As you know, many of the letters and other pieces you read here are actual letters I’ve written or would like to have written. They deal with the complex workings of the human interior. If you like what you’ve seen here, please consider reading my books.
My first book, published by the University of Nebraska Press in 2009, is Seldom Seen: A Journey into the Great Plains. In May 1995, with nothing but a backpack and a vague sense of disquiet, I left my home and a steady if deadening job in Kansas City, Missouri. Over the next two and a half months I made my way on foot to Helena, Montana, letting chance encounters guide me to a deeper sense of who I was and where I was going. My chronicle of this journey charts my experiences with the seldom-seen people of the small towns, the far-flung outposts, and the Great Plains that make up “our America.”
Beginning as a seeker, I become a faithful recorder of other people’s search for contentment, introducing us to a firefighter with a farm at the end of the world, a fiery Christian conservative, a man sharing a van with a crowd of cats, a former circus carny who’s found the secret to living life, and a homeless Native American offering a special and enduring gift. Ridden out of a hostile Kansas town, sniffed by bears, confronted by bison and recalcitrant moose, I cannot help but see how land, sky, weather, and a world of circumstances influence people. Against the majestic sweep of the open plains and endless horizon, his story is one of hope and desperation, richness and simplicity—a portrait of who we are in the heartland of America.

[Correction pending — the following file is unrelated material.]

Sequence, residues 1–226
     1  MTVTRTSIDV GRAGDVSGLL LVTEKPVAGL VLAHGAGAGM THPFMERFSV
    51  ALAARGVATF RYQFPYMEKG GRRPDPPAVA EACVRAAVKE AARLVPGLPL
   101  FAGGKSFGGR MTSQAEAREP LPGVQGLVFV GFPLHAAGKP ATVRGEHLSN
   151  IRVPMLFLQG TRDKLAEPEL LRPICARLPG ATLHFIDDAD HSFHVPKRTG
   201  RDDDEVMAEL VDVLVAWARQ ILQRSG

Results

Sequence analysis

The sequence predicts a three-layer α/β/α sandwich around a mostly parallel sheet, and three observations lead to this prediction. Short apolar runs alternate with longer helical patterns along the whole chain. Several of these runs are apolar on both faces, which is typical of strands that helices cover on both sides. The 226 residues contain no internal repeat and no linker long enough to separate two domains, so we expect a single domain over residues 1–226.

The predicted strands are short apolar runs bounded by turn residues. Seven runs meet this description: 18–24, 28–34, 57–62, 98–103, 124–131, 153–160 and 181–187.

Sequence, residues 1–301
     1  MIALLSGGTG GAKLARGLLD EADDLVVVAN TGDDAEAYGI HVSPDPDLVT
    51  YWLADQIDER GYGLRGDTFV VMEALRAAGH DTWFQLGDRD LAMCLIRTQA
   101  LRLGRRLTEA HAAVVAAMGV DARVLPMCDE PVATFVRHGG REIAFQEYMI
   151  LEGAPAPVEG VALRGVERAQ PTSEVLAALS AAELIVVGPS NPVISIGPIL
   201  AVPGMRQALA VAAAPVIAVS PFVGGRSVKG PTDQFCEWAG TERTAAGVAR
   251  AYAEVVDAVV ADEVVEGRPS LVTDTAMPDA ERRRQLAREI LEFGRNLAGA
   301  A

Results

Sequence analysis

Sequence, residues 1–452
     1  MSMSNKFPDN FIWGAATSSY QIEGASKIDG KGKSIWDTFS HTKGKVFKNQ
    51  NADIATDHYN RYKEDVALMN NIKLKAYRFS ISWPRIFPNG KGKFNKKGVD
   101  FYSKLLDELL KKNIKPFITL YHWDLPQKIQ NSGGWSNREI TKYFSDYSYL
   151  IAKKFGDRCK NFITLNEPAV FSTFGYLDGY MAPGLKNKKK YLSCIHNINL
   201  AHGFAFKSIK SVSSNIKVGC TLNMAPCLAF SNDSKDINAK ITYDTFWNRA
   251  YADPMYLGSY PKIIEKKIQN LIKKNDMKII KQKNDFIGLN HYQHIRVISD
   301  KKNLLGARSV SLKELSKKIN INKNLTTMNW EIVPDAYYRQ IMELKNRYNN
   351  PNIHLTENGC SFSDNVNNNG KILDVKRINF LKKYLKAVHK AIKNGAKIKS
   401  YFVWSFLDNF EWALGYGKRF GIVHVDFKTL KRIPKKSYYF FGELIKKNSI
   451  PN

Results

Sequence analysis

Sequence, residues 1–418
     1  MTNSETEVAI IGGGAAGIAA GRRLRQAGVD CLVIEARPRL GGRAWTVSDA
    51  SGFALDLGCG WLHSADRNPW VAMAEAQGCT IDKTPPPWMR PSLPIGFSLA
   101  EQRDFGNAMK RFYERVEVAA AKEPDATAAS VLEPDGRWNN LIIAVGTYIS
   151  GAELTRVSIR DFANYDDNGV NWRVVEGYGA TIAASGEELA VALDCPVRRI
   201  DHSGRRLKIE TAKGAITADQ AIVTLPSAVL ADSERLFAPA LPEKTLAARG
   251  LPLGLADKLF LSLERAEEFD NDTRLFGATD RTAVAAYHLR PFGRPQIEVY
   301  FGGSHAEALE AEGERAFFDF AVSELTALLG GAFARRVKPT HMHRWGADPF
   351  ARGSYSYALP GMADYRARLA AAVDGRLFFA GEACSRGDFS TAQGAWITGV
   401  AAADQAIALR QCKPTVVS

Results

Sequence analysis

My second book, Canoeing the Great Plains: A Missouri River Summer—also a University of Nebraska Press publication–is due out in bookstores and online booksellers on May 1. Canoeing the Great Plains continues what Seldom Seen began. After two and a half months, 1,450 miles, and numerous encounters with the people of the heartland, I arrived in Helena, Montana. I then set a canoe on the Missouri and asked the river to carry me safely back to Kansas City, hoping this enigmatic watercourse would help reconnect me with my life.
In Canoeing the Great Plains, I recount my journey on the Missouri, the country’s longest river. A novice canoeist when I begin my trip, I face the Missouri at a time of dangerous flooding and must learn to trust myself to the powerful flows of the river and its stark and serenely beautiful countryside. I meet a cast of characters along the river who assist me both with the mundane tasks of canoeing—portaging around dams and reservoirs and finding campsites—and with my own personal transformation. Mishaps, mistakes, and misadventures plague my trip, but over time the river shifts from being a frightening adversary to a welcome companion.
As the miles float by and the distinctions blur between myself and what I formerly called nature, I come to grips with my past, my fears, and my life beyond the river.
If you would like a signed copy of either of the books or both, please let me by E-mail at firstname.lastname@example.org. At the moment, the best way to get a signed copy to you is to have the book sent to me and I will sign it and post it to you.
Feel free to contact me anytime.